However, you’ve got more than just the visual to call on. Your arsenal is packed with every sense and thought your players have at their disposal. Every memory. Every association. Don’t be afraid to utilize them. Horror is something that’s best taken seriously in the planning stages, seriously in the telling and whimsically in the experience. Don’t be afraid to let your players have fun, but make sure you build the tension back up.

Soundscapes are a great way to build tension, because it’s something that people eventually lose track of. It fades to white noise, but that doesn’t mean it’s not still having an effect.

Woods: Try to see if you can find a track that has rustling noises on it that are punctuated very occasionally by twig-snaps or bird calls. Constantly play the track at a low volume, but make sure that the sudden sounds are loud enough to be heard in the background. If you can’t find a track, then see if you can find a close approximation. White noise punctuated by the occasional laugh. The wind. A crackling fire. One of those faux-fire videos is actually a pretty great tool here, because the fire snaps and crackles are random intervals, and it’s made to be played for a long time, so you aren’t going to get very much pattern repetition.

If all else fails, you can just pick some creepy music, and keep it at a barely audible level. That way, when the room falls quiet, the sound of creeping music will fill the air, encouraging your players to talk or filling them with the slightest hint of dread. You can also use soundscapes to simulate space. Huge echoes for large halls. Small, staccato ones for enclosed rooms. Slow fades for open spaces.

Smell is a powerful weapon, as well. I’m sure you already know that smell is a powerful memory evoker. Creating an alien smell can throw players off. Something sickly and rotting (like a piece of fruit) hidden in the garbage can be just enough to unnerve your players.

Woods: Pine-fresh candles. Fresh dirt. The smell of watered plants. Smoke from a pack of matches that you’re periodically lighting, like it’s a nervous habit (watch for smoke detectors). You get the idea.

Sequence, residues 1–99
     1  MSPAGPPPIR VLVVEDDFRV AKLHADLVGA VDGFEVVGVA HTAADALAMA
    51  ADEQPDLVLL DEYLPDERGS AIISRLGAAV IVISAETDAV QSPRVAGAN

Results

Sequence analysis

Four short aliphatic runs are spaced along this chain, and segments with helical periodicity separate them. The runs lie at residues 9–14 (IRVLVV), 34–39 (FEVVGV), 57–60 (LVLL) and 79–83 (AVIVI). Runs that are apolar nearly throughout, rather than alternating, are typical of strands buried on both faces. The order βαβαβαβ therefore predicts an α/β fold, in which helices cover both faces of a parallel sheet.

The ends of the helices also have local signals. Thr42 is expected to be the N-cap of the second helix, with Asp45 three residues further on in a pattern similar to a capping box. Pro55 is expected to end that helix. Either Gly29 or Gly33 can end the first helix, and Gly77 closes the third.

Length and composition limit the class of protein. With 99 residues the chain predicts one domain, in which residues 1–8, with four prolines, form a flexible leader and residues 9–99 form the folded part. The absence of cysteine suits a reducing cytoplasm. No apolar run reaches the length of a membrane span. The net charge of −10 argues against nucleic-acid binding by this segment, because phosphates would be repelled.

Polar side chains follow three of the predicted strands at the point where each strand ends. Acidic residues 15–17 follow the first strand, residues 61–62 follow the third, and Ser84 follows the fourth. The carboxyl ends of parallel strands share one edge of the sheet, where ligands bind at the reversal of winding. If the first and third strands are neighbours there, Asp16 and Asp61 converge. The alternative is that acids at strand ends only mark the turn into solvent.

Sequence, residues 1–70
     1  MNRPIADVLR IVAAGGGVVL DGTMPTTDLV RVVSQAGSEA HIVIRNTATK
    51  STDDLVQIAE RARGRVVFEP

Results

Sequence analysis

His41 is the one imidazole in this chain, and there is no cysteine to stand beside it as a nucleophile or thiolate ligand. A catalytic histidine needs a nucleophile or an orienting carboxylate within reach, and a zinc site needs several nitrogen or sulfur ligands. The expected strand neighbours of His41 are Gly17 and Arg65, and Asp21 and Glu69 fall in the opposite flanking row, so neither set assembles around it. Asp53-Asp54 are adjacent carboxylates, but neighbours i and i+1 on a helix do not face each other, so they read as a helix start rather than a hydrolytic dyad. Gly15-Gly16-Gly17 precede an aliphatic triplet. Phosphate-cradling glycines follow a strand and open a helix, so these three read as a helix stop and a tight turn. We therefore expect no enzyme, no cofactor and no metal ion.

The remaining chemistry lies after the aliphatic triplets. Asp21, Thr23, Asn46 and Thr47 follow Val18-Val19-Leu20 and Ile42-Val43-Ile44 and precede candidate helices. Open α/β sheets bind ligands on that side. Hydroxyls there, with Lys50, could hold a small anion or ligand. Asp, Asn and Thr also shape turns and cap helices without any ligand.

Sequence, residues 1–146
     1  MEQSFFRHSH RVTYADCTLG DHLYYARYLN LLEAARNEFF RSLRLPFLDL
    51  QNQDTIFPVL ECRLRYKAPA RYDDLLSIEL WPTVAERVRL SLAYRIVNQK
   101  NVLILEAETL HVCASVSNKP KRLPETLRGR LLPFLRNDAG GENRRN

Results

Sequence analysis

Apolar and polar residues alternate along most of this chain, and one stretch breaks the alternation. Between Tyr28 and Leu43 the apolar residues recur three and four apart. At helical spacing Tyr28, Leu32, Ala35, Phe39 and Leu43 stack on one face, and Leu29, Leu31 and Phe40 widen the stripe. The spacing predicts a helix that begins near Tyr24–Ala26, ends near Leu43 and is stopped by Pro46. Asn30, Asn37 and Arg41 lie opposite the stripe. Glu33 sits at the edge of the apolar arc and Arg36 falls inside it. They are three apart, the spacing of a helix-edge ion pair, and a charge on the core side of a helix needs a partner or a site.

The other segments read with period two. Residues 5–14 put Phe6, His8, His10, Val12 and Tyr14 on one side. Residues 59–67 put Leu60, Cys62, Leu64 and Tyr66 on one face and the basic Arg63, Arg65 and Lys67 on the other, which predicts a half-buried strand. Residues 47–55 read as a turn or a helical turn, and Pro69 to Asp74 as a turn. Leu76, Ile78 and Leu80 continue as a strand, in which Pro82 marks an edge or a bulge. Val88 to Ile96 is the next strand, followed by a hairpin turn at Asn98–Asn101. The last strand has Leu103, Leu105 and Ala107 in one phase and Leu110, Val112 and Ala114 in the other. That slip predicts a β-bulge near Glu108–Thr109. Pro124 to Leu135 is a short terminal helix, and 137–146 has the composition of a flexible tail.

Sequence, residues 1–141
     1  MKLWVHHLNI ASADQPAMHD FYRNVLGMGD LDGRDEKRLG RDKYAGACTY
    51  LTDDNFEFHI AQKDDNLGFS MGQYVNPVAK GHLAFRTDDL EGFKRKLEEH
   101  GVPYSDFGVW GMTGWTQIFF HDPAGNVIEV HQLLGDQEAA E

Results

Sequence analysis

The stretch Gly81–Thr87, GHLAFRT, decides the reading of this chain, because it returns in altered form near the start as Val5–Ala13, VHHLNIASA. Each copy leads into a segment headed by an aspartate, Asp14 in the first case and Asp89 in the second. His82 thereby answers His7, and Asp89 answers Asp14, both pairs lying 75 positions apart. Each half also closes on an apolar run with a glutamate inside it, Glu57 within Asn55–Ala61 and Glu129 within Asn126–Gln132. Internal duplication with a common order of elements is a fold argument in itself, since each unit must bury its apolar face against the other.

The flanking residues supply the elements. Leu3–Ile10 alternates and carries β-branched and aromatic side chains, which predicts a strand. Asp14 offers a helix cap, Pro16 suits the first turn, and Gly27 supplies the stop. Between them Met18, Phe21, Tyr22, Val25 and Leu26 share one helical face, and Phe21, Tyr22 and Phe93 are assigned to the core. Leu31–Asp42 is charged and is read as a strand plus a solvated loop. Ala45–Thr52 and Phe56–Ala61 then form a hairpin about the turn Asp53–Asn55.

The tactile senses are, in part, related to the embodiment of the room bit, but also consider the posture (vestibular senses) you want your players in. Lying down, sitting up, standing, whatever. Make sure they’re comfortable enough to last out a gaming session, though, or you’ll find that all the preparation in the world won’t protect you from player-fatigue.

Taste is another consideration. Want to really creep your players out? Find a way to link the food they’re eating to a description. The crunch of the leaves, like chips. The rending of meat from the bone, like a chicken wing. You don’t necessarily have to make it that obvious. In fact, it’ll severely damage the effect if you do, but consider something like…

Woods: “You hear the sharp whisper of a quiet crunch *bite chip here* from a copse of pine to your right, the sound of a pine-cone shattering underfoot.” “Its teeth digs into your leg, finding bone and tearing the chewy meat off the bone,” if you’re serving chicken wings. “The gag feels soft and chewy in your mouth.” -Pizza.

A large component of taste is smell, but it’s also tactile experience. If you can find a way to disturb your players through the intimate act of eating, one of the most sensual (literally, affecting the senses) experiences a human can have, then you’re well on your way to getting in their heads.

If you’re a good actor, then try tensing up when you want your players to be tense. They’ll mirror you slightly. You’d be amazed what has an effect. Air temperature. Low vibration. The occasional weird, halting speech cadence. Laughter from somewhere in the distance. The use of proper nouns. Horror is a blend of the subtle and the obnoxious. Tension and carelessness. If you’re careful, your players will never know exactly how much thought you’ve put into the evening, or the experience they’ve walked themselves into.

Remember, you want your players to be a little uncomfortable. You’re trying to create a strange and frightening environment out of a common gathering of friends. However, you don’t want to scar anyone and you don’t want to hurt anyone. Be safe.

Also, remember to use modern technology to your advantage, and don’t forget to account for it in your game. One of the most gratifying experiences I’ve ever had as a story-teller was sliding my phone over to a player with a text-message on it for them and having them fling it away in shock (phone was okay). It was just a picture of a cloaked figure, but under the right circumstances, the banal is terrifying.